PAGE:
- The Justice Department just approved T-Mobile’s acquisition of Sprint, removing a major hurdle in uniting the two telecom giants.
- A merged company would create a strong rival to AT&T and Verizon, position it to speed up building 5G wireless, and help Dish become a major wireless player.
- Here are the potential winners and losers of the deal.
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The Justice Department has approved T-Mobile’s acquisition of Sprint, removing a major hurdle in combining the No. 3 and No. 4 wireless companies together.
The approval came after the two companies agreed to sell off parts of their businesses to pay-TV operator Dish, which would create a fourth major wireless player.
Here are the potential winners and losers from the deal.
T-Mobile and Sprint
The obvious big winners of the merger would be T-Mobile and Sprint themselves. Sprint has been laden with debt and losing subscribers, while T-Mobile has been gaining but still substantially lags AT&T and Verizon in subscribers.
A combined company would also be set up to upgrade T-Mobile’s and Sprint’s networks for 5G wireless technology.
"The companies have really complementary 5G spectrum bands," said eMarketer Principal Analyst Yoram Wurmser. "Both have some millimeter band, while Sprint has a lot midband and T-Mobile has a lot of low band, which should give them a big advantage as they build out their 5G networks. Without the merger, the companies independently would have a hard time keeping up long-term with AT&T and Verizon."
The merger could impact America’s standing in the race for 5G leadership and boost the economy, as 5G represents a quantum leap forward in terms of technology and the potential to spur growth, Alex Gellman, CEO and cofounder of Vertical Bridge, a wireless infrastructure operator, has argued.
Dish Network will become a bigger wireless company to compete with T-Mobile and Sprint, according to conditions both companies agreed on, and could emerge as the fourth wireless competitor.
It will also be able to rent T-Mobile’s network for seven years while it builds its own. Dish has wanted to become a wireless provider for about a decade, spending billions on airwaves that it has been storing for years, according to CNBC. Dish is buying prepaid cellphone brands such as Boost and Virgin Mobile and some spectrum, or airwaves for wireless service, from the two companies, according to the AP.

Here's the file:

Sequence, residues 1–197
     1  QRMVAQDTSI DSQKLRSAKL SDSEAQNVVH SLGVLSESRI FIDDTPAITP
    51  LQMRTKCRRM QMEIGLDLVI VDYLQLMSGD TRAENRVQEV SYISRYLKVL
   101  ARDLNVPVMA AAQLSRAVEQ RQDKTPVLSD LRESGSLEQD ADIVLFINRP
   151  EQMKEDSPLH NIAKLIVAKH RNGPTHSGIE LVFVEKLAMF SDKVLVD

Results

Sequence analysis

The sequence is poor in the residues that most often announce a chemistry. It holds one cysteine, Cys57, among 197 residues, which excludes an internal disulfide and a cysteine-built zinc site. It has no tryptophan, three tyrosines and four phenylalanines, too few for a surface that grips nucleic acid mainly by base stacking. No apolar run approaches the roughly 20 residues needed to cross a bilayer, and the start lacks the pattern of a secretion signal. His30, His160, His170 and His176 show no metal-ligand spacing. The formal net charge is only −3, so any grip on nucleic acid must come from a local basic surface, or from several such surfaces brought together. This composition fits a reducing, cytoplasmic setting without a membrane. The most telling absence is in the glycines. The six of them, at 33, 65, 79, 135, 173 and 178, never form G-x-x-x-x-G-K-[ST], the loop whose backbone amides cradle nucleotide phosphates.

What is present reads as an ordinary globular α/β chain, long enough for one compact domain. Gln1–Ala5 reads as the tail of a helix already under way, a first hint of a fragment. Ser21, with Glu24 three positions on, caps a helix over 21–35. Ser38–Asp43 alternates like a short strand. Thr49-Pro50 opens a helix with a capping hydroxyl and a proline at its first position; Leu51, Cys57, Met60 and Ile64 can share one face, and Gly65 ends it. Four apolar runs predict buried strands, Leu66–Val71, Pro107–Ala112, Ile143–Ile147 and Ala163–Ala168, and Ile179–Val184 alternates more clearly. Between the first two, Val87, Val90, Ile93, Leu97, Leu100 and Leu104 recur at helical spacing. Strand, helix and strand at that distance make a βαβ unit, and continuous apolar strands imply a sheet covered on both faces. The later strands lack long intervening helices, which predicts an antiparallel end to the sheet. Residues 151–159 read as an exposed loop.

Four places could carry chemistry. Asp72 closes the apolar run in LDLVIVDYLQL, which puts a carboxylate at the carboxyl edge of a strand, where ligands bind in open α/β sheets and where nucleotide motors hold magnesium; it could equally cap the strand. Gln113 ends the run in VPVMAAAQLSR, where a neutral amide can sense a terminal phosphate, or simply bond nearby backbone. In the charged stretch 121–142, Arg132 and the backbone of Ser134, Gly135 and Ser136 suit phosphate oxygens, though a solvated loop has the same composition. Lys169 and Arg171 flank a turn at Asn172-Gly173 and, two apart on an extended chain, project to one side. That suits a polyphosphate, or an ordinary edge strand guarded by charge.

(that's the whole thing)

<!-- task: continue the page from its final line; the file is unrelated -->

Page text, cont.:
Some telecommunications analysts, including Craig Moffett at MoffettNathanson and Jonathan Chaplin at New Street Research, have questioned if a merger that strengthens Dish as a disruptive fourth wireless player is even worth it from T-Mobile’s perspective. Dish could end up a far more formidable competitor than Sprint.
To that end, Deutsche Telekom — the company that will control the combined entity — has argued for limitations on Dish‘s ability to sell a percentage of its wireless business to a strategic investor, such as Amazon, Google, or a cable operator such as Comcast or Charter.
"If Dish enters the market with a large amount of capacity and no meaningful subscriber base of [average revenue per user] to defend, they would have every incentive in the world to be a disruptive discounter," Moffett wrote in a note to clients late last week. "One need not believe in a follow-on Dish deal with Amazon, Google or a cable operator to see this as bad for the market, and indeed, worse than the ‘no deal’ scenario for T-Mobile."
AT&T and Verizon
Big losers will be Verizon and AT&T, which will face another competitor of roughly equal size but with a superior position in 5G, Wurmser said.
T-Mobile spent $1.1 billion in advertising in the US in 2018 while Sprint spent $626,000, according to Kantar, and some of that spending could go away for ad-driven media companies when the market shrinks from four big players to three.
"You probably would see a reduction in advertising spend in a major way," said Brian Wieser, global president of business intelligence at GroupM.
Some telcos (Verizon, AT&T) have gotten into the ad business, and a merged T-Mobile/Sprint could be positioned to follow suit, but those other wireless carriers have learned that because of privacy concerns, there’s limited opportunity in applying their data to advertising, Wieser said.
There are mixed views here. EMarketer’s Wurmser said less competition is never good for consumers since it usually leads to higher prices. "At the same time, the merged company’s strong 5G position would probably also force the other two companies to invest even more quickly in developing 5G networks," he said.
But attorneys general from 13 states and the District of Columbia filed a lawsuit to block the deal. They say the promised benefits, such as better networks in rural areas and faster service overall, cannot be verified, while eliminating a major wireless company will immediately harm consumers by reducing competition and driving up prices for cell phone service.
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